Francesca smiled at him the way a teacher smiles at a bright pupil . . . who has managed half the answer. She ruffled his hair and neatly evaded his arm, going to sit instead on the arm of Erik's chair. "True. But as you rightly point out, so could anyone else—if it was paid for. But," she held up an elegantly manicured hand, "it would have to be a rich anyone. The Church does not take kindly to its clerics being assassinated. And beside the chance of excommunication, their investigators are ferocious. This was professionally done, and that doesn't come cheap. And there are very few who do it well."


She paused, thinking. "If it was paid for . . . well, the first name that springs to mind is your blond friend Caesare Aldanto. Or, as a second choice, Giuliano Dell'Arta. Although Giuliano probably makes more as swordmaster than he does killing people. Both of them have powerful protectors, and are pretty much immune to Petro Dorma. If it was done to further the aims of the factions, Bruno Di Netto is Rome's man. The Metropolitan's chief executioner in Venice. Francisco Aleri is in charge of Milan's—and he has the whole Montagnard faction at his command. They ship men in and out. The Republic's Council of Ten . . . well, they keep their secrets. So do the imperials, although I suspect Count DeMarien or Von Stemitz." She smiled. "Enough, Erik?"


"There are how many factions?" said Erik, weakly.


She smiled. "In Venice? Where there are three people together, at least five factions are gathered! The Venetian Republic is worse than elsewhere because Venice sits a jewel between so many interests. It is the key to the Mediterranean. And the key to the East. Emeric, the King of Hungary, Milan, Rome, the Holy Roman Emperor . . . all want Venice—or, at least, the riches which pour through the city. The Ilkhan Mongols have their own interests, also, as do the Greeks. Even the Grand Duke of Lithuania . . . just to stir up trouble, or to flank the Holy Roman Empire. And that is without the interests of the Church and its various factions, and the Strega, and the Jews. I think the latter just want a quiet life, but both factions have money for whoever will offer to leave them alone." She laughed throatily. "It's a quiet little town. I love it, even more than I did my native Orleans."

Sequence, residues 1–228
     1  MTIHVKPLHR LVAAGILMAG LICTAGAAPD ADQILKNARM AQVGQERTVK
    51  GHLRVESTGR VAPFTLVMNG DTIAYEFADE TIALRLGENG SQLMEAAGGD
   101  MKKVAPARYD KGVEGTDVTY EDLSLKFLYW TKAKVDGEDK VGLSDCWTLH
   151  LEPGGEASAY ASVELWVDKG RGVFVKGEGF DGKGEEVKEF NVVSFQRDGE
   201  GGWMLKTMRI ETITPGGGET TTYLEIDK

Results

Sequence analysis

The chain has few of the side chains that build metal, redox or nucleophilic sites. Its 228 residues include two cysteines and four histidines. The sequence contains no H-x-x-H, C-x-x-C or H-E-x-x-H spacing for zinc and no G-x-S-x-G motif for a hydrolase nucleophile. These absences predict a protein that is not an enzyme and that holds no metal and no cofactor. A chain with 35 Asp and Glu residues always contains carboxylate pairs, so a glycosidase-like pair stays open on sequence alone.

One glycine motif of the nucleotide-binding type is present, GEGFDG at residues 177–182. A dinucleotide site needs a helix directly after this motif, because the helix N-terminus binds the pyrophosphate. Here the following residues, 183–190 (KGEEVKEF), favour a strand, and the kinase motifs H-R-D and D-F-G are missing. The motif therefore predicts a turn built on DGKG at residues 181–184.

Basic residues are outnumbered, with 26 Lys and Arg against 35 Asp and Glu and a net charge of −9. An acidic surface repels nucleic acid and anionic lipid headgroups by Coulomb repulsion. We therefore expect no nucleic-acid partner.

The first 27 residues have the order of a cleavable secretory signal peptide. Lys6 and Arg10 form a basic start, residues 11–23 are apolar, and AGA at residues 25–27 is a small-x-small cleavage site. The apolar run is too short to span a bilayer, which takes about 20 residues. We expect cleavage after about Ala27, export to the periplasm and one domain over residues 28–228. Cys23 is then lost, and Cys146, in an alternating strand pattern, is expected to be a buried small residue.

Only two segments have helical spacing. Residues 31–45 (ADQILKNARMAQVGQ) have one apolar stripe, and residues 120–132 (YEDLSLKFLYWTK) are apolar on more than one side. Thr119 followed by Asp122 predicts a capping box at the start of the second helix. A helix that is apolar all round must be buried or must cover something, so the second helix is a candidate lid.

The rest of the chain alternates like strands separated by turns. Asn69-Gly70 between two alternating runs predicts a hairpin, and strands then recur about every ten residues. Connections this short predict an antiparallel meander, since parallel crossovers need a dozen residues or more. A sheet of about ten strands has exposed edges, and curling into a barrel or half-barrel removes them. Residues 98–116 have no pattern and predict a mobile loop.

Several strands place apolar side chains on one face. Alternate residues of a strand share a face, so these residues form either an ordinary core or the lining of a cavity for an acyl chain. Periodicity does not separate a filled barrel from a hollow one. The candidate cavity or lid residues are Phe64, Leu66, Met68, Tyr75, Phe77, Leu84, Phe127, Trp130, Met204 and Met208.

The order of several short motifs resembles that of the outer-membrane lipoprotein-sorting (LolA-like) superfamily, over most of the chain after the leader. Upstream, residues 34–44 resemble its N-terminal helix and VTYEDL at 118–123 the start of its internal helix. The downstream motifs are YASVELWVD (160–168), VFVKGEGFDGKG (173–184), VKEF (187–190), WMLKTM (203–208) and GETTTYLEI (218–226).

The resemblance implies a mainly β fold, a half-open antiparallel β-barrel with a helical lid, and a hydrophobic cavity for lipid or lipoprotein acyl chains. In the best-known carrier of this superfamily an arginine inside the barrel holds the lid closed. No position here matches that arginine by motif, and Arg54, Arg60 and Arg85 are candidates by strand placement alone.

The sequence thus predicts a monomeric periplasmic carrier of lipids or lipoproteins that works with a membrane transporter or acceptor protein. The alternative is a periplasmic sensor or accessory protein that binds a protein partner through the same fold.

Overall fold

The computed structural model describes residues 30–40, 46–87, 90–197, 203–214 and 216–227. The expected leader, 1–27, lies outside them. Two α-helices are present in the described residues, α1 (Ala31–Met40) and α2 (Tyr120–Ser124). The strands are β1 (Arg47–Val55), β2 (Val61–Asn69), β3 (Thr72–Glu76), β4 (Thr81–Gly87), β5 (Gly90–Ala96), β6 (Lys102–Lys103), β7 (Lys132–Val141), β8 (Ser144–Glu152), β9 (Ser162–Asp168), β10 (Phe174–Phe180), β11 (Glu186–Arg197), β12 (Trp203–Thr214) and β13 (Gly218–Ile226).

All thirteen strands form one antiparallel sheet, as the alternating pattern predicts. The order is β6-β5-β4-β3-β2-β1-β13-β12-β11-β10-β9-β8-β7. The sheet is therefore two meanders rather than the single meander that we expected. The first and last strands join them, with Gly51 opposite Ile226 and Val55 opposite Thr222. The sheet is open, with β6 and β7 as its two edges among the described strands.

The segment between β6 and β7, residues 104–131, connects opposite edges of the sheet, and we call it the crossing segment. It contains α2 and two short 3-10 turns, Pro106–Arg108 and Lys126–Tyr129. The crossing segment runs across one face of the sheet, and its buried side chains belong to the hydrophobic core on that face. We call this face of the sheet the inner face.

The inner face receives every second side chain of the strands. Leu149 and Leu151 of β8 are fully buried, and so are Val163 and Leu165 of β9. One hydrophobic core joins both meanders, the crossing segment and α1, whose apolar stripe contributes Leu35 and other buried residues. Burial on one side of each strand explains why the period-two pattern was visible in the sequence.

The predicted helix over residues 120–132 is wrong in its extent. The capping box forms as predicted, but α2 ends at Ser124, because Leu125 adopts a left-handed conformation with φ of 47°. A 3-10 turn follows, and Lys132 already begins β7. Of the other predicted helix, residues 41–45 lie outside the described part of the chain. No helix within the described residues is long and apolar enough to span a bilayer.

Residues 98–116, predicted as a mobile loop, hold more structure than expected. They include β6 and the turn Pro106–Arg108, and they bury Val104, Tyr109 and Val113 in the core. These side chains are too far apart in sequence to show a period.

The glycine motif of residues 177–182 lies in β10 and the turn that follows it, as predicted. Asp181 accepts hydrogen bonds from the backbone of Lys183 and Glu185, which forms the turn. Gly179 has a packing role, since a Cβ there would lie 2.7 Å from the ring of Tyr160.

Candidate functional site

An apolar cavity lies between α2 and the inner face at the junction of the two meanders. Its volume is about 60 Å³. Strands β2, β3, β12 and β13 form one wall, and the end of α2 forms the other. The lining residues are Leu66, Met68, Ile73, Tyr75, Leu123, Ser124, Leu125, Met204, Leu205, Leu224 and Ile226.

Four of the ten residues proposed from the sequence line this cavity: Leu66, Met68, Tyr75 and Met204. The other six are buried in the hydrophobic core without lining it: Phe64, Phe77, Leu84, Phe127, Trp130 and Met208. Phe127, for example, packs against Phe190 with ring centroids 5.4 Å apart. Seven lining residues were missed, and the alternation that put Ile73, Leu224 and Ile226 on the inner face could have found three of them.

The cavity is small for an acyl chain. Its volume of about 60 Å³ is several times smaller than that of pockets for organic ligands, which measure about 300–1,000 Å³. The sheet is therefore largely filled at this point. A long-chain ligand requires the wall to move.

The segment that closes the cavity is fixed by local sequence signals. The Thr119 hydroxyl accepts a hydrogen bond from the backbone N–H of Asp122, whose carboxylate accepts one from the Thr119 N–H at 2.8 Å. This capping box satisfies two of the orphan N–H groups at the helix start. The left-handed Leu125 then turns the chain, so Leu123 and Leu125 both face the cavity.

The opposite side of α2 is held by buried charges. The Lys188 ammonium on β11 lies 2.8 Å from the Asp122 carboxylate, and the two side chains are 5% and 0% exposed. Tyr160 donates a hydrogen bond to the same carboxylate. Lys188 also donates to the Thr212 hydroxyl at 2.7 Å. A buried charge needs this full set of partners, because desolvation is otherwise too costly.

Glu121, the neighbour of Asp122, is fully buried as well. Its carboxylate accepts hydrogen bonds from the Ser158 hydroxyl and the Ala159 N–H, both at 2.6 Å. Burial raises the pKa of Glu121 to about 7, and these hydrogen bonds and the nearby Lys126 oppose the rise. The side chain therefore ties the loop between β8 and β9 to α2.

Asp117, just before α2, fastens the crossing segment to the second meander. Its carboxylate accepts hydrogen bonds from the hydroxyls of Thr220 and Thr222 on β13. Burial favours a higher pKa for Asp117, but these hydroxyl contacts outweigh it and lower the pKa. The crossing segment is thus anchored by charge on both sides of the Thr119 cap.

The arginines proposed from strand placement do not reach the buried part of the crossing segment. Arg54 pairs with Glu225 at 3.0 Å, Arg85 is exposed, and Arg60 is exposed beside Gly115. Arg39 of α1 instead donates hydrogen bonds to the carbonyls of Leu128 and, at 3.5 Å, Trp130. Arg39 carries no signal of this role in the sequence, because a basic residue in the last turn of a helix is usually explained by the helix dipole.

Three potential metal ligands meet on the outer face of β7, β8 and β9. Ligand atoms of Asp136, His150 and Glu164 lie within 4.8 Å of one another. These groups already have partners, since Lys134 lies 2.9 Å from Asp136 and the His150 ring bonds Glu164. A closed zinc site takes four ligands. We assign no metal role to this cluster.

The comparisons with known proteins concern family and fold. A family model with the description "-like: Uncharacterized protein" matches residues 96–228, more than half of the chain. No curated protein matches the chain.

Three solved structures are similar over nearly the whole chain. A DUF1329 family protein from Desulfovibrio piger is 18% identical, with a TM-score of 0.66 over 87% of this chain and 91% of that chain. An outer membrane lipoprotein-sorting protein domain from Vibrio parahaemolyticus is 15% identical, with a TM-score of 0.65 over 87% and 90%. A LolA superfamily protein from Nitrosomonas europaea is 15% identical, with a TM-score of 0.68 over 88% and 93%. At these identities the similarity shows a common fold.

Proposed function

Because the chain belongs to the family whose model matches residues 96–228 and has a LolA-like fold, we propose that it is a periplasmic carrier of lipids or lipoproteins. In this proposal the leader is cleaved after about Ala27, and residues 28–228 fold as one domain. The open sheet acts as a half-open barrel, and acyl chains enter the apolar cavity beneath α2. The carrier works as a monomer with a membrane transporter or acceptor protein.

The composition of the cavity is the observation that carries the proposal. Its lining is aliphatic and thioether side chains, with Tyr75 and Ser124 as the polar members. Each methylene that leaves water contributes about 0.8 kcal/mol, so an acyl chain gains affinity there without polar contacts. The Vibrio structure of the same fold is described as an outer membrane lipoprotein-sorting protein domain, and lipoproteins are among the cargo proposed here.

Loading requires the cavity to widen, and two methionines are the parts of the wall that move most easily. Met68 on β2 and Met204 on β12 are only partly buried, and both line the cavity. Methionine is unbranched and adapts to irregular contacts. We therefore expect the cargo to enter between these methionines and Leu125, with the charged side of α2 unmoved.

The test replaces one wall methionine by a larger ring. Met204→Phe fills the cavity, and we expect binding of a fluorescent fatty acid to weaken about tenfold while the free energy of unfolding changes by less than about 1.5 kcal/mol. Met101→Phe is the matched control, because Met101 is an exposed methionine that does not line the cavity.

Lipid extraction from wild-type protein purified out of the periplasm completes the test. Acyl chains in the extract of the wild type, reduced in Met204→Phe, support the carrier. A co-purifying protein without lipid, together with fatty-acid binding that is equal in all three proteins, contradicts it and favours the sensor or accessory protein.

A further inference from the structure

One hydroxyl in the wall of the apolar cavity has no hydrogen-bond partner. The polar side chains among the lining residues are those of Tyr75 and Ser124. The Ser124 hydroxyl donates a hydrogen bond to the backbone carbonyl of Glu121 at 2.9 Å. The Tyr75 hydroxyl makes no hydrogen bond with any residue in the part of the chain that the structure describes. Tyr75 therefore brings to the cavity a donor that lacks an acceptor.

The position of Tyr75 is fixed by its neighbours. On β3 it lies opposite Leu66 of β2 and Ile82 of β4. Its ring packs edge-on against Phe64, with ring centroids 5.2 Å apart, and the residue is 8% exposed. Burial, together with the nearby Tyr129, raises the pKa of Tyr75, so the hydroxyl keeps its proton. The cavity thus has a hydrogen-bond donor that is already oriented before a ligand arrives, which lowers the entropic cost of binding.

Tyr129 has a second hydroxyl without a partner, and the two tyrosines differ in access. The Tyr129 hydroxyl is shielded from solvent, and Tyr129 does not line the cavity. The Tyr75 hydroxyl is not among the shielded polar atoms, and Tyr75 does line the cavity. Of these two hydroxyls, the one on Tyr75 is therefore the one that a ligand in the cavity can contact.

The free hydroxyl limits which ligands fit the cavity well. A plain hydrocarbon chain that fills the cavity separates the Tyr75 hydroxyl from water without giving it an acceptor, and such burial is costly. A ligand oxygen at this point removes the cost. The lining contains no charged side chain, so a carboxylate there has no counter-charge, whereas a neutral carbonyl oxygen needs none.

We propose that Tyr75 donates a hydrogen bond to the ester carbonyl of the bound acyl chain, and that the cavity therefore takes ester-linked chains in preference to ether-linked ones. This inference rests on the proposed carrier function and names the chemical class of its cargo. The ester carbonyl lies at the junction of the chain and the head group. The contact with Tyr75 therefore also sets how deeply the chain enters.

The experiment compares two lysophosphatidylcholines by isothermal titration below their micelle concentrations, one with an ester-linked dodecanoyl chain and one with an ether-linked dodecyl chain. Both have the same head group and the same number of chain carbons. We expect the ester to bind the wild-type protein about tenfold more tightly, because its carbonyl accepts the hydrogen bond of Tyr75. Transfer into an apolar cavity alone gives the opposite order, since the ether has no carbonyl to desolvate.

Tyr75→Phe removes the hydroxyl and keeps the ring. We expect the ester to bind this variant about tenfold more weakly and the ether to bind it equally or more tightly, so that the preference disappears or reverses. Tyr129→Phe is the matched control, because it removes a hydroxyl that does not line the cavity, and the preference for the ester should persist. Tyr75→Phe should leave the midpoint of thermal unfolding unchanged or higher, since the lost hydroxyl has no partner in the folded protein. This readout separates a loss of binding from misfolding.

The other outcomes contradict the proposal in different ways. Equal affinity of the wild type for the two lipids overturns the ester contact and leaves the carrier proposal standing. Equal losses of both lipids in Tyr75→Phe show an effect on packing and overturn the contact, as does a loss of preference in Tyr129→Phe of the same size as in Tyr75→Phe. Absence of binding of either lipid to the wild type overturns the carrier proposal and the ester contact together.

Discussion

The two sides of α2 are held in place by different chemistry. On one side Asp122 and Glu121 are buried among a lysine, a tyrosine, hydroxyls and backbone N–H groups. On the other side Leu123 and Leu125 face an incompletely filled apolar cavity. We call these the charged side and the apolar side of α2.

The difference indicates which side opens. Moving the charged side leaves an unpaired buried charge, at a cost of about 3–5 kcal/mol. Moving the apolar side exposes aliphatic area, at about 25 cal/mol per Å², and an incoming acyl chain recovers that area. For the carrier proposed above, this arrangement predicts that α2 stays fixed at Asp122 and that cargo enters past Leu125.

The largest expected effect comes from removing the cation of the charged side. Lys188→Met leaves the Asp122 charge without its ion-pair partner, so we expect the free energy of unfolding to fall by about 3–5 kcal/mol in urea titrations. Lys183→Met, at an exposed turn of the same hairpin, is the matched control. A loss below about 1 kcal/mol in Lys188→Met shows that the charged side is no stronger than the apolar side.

Erik sighed. "I want to go back to Iceland. At least you only had to worry about someone trying to kill you. This is all too complicated for me."


Manfred smiled. "Why don't we get some lessons from this swordmaster's salle? I don't think us going to visit this Caesare Aldanto fellow is a good idea."


Erik drew a deep breath. "I still think a visit is called for."


Francesca laughed. "What ill came of it, Erik? I thought it was the Italians who believed in vendetta?"


Manfred laughed. "Compared to Icelandic clan feudists? Not even in the same league, Francesca! And Erik's got humiliation to avenge as well as a simple attempt on his life. Aldanto's the man responsible for getting him under your sweet thighs, don't forget."


Francesca chucked the unfortunate Erik under the chin. "Poor man. It must have been so hard for you."


Erik got hastily to his feet, amid Manfred's guffaws. "I think it's time we talked to Von Gherens."


"Coward," grinned Manfred. "You talk to him. I'm going to stay here and take my punishment like a man."


* * *

Von Gherens was willing. So were the four young Ritters he spoke to.


Gerhard Bach was downright avid.


* * *

Fortunately, the abbot was sequestered in private discussion with Sister Ursula when the Schiopettieri barge arrived at the embassy in mid-afternoon. Erik thought Sachs would probably have had a fit if he'd seen eight armored knights wrestling a bombard into the Venetian vessel. Even a small one.


The knight-proctor Von Stublau did pitch a fit. But with the official authority of Sachs on his side—as attested to vehemently by Manfred and Erik—Von Gherens simply ignored Von Stublau's protestations.


"Take it up with the abbot!" snapped Von Gherens. "Better make it quick, too. We're leaving."


Fuming angrily, the Prussian knight-proctor stormed back into the embassy. Von Gherens, grinning, turned to his knights and said: "Let's go. Just in case Von Stublau develops the nerve to interrupt Sachs and Sister Ursula."


"He'd better knock first," muttered Manfred, not quite under his breath. Two of the younger knights chuckled softly. Erik frowned.


"That's in very bad taste," he growled.


"Not as bad as Sister Ursula, I'll bet," responded Manfred cheerfully. The two young knights burst into outright laughter.


Erik sighed. Once again, reproving Manfred had proven to be as useful as pouring naphtha on a bonfire. . . .


* * *